ARGuing for Multilingual Motivation in Web 2.0: an Evaluation of a Large-Scale European Pilot

Maja Pivec (Editor), Thomas Hainey, Thomas Connolly, Mark Stansfield, Elizabeth Boyle, Joel Josephson, Aisling O'Donovan, Claudia Rodriguez Ortiz, Nina Tsvetkova, Bistra Stoimenova, Sevda Tsvetanova

Research output: Chapter in Book/Report/Conference proceedingConference contribution

Abstract

While there are some teachers who are dubious about the benefits of gaming in education, language teachers make great use of simulation/gaming methodologies and there are many supporting textbooks. While many of the simulations/games used are non-computer based, during recent years the computer game has become an important development in popular culture. During the same period there has been an appreciation that computer games can play a significant role in education. In this paper, we explore the use of one particular type of computer game called an Alternative Reality Game (ARG), a form of interactive narrative, often involving multiple media and game elements. We have developed an ARG to motivate secondary school students to learn a modern foreign language and have piloted this game across Europe in 2009. This paper presents a framework for evaluating games-based learning and provides both a quantitative and qualitative analysis of student performance in the pilot using this framework. The paper reflects on this analysis and provides directions for future research.
Original languageEnglish
Title of host publicationProceedings of the 3rd European Conference on Game Based Learning
EditorsMaja Pivec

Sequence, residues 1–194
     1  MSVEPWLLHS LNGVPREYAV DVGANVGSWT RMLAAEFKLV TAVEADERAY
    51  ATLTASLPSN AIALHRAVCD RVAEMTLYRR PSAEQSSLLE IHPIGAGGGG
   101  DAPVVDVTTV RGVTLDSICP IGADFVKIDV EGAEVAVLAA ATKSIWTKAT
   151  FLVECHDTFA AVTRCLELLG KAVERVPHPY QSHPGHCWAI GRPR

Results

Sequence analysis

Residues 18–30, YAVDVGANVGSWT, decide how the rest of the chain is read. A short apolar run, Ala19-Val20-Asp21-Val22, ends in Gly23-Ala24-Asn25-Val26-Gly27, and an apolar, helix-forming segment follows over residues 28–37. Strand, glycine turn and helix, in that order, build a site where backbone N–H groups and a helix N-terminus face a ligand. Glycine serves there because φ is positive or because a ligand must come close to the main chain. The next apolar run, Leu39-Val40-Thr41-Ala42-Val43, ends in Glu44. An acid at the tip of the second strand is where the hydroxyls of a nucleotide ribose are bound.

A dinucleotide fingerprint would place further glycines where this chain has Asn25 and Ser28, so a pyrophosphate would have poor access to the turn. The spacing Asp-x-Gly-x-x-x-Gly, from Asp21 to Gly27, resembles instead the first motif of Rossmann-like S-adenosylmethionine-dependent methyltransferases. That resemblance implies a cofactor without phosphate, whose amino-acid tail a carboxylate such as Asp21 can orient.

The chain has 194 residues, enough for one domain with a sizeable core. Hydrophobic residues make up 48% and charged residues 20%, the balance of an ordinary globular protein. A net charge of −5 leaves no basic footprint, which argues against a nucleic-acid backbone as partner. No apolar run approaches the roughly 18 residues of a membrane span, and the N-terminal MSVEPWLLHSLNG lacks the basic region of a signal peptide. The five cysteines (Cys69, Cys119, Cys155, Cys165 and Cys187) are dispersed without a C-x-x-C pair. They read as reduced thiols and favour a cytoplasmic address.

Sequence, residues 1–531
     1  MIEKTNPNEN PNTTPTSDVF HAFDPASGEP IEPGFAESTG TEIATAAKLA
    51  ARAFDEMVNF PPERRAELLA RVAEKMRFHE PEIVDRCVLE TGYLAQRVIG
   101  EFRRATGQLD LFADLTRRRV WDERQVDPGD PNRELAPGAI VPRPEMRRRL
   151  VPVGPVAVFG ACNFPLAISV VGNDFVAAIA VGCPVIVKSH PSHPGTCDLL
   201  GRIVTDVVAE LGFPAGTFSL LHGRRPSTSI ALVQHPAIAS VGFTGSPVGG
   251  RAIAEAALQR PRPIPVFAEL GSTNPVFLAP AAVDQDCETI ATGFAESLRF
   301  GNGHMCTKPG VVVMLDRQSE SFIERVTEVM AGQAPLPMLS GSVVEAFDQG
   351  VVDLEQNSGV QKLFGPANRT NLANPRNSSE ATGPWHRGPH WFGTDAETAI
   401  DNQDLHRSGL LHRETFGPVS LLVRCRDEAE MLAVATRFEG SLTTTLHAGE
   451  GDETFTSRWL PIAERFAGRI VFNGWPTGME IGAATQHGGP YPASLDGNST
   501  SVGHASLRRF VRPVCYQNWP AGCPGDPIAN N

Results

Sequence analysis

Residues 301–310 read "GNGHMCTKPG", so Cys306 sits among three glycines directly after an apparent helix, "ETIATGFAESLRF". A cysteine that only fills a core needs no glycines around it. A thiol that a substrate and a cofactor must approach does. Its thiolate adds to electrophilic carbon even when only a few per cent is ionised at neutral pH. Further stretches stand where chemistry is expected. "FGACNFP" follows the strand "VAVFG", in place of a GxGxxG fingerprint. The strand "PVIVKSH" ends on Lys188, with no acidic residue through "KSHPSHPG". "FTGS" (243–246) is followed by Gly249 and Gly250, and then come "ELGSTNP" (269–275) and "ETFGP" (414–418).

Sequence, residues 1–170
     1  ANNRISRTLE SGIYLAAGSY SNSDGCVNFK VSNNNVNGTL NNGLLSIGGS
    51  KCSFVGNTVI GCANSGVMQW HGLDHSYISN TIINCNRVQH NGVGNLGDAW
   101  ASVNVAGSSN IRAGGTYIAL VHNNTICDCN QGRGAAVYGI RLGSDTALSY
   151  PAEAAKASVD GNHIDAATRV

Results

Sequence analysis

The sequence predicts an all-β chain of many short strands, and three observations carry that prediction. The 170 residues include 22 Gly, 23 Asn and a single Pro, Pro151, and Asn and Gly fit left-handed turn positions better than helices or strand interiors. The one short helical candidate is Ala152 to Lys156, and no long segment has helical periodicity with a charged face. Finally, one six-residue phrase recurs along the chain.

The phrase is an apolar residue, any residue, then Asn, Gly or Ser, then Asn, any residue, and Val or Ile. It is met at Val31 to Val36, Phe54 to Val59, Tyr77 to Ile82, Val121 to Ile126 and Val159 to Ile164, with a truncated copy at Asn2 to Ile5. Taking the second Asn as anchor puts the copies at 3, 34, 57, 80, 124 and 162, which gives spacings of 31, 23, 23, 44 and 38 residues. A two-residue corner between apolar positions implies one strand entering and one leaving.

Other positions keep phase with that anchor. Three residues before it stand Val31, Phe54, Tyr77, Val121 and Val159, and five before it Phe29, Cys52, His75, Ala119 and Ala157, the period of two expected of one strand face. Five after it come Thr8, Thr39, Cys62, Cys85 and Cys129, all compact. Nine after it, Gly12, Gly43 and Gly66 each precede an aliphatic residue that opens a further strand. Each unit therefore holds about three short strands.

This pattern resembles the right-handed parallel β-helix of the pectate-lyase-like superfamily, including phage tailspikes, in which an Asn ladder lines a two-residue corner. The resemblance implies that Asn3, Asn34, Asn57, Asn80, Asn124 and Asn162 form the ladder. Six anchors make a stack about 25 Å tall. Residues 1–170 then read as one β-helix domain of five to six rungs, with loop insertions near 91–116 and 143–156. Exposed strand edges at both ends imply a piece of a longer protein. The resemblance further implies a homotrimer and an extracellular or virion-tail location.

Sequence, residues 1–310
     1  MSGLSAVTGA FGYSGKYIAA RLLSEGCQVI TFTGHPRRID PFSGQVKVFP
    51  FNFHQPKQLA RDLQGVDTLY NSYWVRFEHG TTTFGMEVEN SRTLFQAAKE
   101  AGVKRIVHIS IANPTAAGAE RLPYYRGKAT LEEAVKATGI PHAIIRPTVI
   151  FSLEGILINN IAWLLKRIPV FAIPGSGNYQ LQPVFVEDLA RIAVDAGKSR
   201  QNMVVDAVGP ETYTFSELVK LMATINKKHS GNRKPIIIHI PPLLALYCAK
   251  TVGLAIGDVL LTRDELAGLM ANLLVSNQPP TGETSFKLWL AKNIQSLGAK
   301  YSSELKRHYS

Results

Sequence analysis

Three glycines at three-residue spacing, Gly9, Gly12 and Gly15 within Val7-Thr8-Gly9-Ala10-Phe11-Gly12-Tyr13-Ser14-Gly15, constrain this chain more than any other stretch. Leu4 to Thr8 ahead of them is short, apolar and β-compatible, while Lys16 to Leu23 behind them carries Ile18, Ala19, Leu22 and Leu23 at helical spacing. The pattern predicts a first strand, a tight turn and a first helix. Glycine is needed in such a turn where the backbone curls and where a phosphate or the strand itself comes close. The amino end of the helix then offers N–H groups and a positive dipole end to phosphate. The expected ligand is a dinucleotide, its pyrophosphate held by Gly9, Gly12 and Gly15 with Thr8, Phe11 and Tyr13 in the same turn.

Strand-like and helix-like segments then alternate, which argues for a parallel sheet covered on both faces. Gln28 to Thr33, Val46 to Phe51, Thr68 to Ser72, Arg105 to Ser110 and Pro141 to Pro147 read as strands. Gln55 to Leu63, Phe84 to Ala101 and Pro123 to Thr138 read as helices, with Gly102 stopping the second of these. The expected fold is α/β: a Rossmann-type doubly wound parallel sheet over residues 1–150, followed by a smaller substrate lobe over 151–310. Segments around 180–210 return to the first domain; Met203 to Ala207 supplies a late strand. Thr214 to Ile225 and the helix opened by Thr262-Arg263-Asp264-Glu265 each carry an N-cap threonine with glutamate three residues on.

PublisherAcademic Conferences and Publishing Limited (ACPIL)
Pages164-172
Number of pages9
ISBN (Print)9781906638474
Publication statusPublished - 2009

Fingerprint

computer game
evaluation
simulation
language education
teacher
popular culture
foreign language
textbook
secondary school
student
narrative
methodology
learning
performance
education

Keywords

  • ARGs
  • Collaboration
  • social networks
  • modern foreign languages
  • evaluation

Cite this

Pivec, M. (Ed.), Hainey, T., Connolly, T., Stansfield, M., Boyle, E., Josephson, J., ... Tsvetanova, S. (2009). ARGuing for Multilingual Motivation in Web 2.0: an Evaluation of a Large-Scale European Pilot. In M. Pivec (Ed.), Proceedings of the 3rd European Conference on Game Based Learning (pp. 164-172). Academic Conferences and Publishing Limited (ACPIL).
Pivec, Maja (Editor) ; Hainey, Thomas ; Connolly, Thomas ; Stansfield, Mark ; Boyle, Elizabeth ; Josephson, Joel ; O'Donovan, Aisling ; Rodriguez Ortiz, Claudia ; Tsvetkova, Nina ; Stoimenova, Bistra ; Tsvetanova, Sevda. / ARGuing for Multilingual Motivation in Web 2.0: an Evaluation of a Large-Scale European Pilot. Proceedings of the 3rd European Conference on Game Based Learning. editor / Maja Pivec. Academic Conferences and Publishing Limited (ACPIL), 2009. pp. 164-172
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title = "ARGuing for Multilingual Motivation in Web 2.0: an Evaluation of a Large-Scale European Pilot",